, 2022-07-15 08:06:25,
Editor’s note • This story first published on July 23, 2021. It has been updated with new data and reposted in light of Utah’s continuing water concerns and the Great Salt Lake hitting another record low.
Utah has seen yet another hot, dry summer preceded by a lot of other hot, dry summers. The Great Salt Lake hit a record low for the second year in a row. Many Utahns are surrendering on the notion of green lawns. Some municipalities are giving up on watering parks or embracing new growth.
So, is it time to give up on the idea of publicly owned golf courses, too?
Unlike a public park, golf courses appeal to a niche group of participants — predominantly white and well-off — who engage in a single activity. Only so many golfers can be on the large swaths of land at a time, and the courses are usable only under favorable weather conditions. And all those greens, fairways and tee boxes gobble up a mind-boggling amount of water.
“People are starting to look at the issue, especially with climate change,” said Alessandro Rigolon, an assistant professor of city and metropolitan planning at the University of Utah, whose research focuses on green space and environmental justice. “Golf courses are not sustainable now, and it’s going to probably get worse.”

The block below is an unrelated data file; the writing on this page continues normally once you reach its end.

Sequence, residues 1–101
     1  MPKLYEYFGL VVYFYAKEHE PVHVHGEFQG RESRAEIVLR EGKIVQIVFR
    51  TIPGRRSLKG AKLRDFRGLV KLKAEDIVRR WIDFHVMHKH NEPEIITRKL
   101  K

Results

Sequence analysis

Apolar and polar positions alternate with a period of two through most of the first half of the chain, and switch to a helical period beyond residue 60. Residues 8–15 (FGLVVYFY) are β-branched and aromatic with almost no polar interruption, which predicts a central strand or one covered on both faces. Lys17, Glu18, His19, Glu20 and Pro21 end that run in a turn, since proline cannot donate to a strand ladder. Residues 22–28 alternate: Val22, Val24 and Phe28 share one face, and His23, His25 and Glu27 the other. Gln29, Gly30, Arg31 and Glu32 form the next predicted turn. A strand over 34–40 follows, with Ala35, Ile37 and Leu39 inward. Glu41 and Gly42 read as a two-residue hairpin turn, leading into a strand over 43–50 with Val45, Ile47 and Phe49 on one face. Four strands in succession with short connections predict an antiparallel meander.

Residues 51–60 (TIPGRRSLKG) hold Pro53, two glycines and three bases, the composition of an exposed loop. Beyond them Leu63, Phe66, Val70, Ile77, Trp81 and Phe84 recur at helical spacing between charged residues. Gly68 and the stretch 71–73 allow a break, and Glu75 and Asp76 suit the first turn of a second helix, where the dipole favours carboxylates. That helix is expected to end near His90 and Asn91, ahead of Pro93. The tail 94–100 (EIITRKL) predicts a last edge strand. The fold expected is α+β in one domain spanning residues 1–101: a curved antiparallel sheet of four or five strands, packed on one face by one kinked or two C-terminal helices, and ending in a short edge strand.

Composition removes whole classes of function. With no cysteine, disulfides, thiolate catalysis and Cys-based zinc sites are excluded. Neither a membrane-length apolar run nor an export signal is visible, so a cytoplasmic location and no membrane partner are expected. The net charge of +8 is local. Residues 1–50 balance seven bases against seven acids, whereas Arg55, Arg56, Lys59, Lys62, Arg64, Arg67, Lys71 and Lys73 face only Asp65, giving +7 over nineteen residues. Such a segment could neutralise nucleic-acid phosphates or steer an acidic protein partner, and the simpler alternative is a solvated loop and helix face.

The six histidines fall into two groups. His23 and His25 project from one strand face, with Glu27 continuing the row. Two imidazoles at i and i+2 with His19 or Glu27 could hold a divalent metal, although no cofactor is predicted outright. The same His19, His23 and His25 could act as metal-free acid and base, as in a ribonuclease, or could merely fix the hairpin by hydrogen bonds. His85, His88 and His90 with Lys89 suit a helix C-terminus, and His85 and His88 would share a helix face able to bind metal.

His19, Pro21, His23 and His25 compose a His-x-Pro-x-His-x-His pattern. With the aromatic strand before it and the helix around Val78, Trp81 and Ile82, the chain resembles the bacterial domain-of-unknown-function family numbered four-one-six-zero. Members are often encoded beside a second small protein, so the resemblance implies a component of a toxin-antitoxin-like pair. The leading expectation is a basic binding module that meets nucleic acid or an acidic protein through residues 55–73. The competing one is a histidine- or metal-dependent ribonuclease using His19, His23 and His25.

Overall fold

Salt Lake County taps by far the most water for its golf courses, which include a mix of publicly owned and privately held lands, compared to other counties in the state, topping even arid Washington County, home of sunny St. George. According to U.S. Geological Survey data for 2015, the most recent year with available information, Salt Lake County golf courses used a whopping 9 million gallons a day of groundwater and surface water. To put that in perspective, it’s like refilling nearly 14 Olympic-size swimming pools daily.
“We’re trying to do everything we can [to conserve] because we are cognizant of the fact that we are big water users” said Jerry Brewster, director of golf for Salt Lake County. “We absolutely use water.”
Why golf courses can’t stop watering altogether
While the USGS information about golf course irrigation in Salt Lake County is several years old, it’s hard to gather updated data. A public records request sent to the county’s Parks and Recreation personnel in 2022 produced three years’ worth of irrigation numbers, with figures that didn’t all match information the county shared in 2021.
The consumption rates also swing wildly from year to year. In 2019, the…
To read the original article, go to Click here